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Zestoretic (Hydrochlorothiazide, Lisinopril)

The walls of normal coronary arteries are smooth, clean and elastic. This allows them to contract and expand to give more oxygen and blood to the heart when it is required, to cope with any extra demand. This extra demand may come from a number of sources: for example, when the body is working harder, climbing a hill, running for a bus, doing strenuous housework; when the body is under stress or fighting an infection; when we have to deal with excessive emotion, for example, rage, fear, anxiety; or when the vessels themselves cause problems, as in coronary spasm, then the heart receives extra electrical stimulation via the nerves to make it pump more blood around the body. In order to do this the coronary arteries have to supply more blood and oxygen to the heart itself.
The healthy heart can cope with these extra demands. However, coronary disease results in the lining of the arteries becoming thicker, therefore narrower in diameter, and less elastic. This means that when extra demand is placed on the heart, the coronary arteries cannot respond effectively and not enough oxygen gets through. This is known as the oxygen deficit.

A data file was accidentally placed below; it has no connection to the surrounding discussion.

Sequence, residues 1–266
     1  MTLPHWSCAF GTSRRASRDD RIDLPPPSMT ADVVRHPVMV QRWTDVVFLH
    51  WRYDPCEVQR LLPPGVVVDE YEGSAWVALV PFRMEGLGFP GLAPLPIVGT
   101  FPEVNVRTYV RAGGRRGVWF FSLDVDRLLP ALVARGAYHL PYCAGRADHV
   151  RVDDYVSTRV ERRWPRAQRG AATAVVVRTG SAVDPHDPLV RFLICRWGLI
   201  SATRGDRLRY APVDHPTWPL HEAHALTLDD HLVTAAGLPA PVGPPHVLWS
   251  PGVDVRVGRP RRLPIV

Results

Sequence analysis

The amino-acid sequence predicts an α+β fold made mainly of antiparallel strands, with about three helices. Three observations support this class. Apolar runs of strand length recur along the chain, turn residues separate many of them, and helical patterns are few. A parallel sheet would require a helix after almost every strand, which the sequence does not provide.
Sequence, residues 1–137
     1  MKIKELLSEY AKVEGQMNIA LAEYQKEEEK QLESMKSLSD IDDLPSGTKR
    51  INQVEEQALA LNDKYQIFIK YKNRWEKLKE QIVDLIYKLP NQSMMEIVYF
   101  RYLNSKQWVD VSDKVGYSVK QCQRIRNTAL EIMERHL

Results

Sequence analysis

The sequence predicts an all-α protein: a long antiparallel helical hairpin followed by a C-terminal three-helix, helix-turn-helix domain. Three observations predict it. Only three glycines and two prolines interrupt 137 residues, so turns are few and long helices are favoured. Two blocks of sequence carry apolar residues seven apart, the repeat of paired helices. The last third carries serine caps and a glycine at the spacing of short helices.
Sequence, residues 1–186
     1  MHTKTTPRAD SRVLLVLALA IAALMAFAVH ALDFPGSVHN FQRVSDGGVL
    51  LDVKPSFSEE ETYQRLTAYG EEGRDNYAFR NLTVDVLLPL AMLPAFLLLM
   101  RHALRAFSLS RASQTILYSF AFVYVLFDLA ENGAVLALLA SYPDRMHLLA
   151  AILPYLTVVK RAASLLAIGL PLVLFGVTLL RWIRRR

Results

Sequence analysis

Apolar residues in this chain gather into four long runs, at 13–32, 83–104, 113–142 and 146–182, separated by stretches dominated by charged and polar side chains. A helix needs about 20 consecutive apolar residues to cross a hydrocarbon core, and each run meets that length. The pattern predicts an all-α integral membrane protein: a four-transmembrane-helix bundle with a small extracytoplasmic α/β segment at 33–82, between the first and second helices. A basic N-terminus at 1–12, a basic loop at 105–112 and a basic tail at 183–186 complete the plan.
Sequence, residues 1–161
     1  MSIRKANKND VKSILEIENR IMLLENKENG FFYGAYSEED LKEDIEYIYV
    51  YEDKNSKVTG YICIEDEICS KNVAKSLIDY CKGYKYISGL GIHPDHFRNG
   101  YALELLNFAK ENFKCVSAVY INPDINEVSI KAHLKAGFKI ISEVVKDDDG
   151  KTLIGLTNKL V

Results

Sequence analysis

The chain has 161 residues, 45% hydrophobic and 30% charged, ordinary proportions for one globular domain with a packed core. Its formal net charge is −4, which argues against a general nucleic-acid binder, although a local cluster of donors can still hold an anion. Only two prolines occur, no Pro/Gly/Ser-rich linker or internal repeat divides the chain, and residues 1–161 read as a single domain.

When people become familiar with their angina, they learn what events trigger off the pain. Some of the most common triggers are:
Smoking, physical exertion: Running, lifting and carrying heavy loads – especially first thing in the morning or after a heavy meal – walking in cold winds or very hot climates. Stress: Anger, anxiety, fright, arguments, talking in public or complaining about a purchase.
These triggers are very individual and some people will respond more to the physical triggers than the psychological ones and vice versa.

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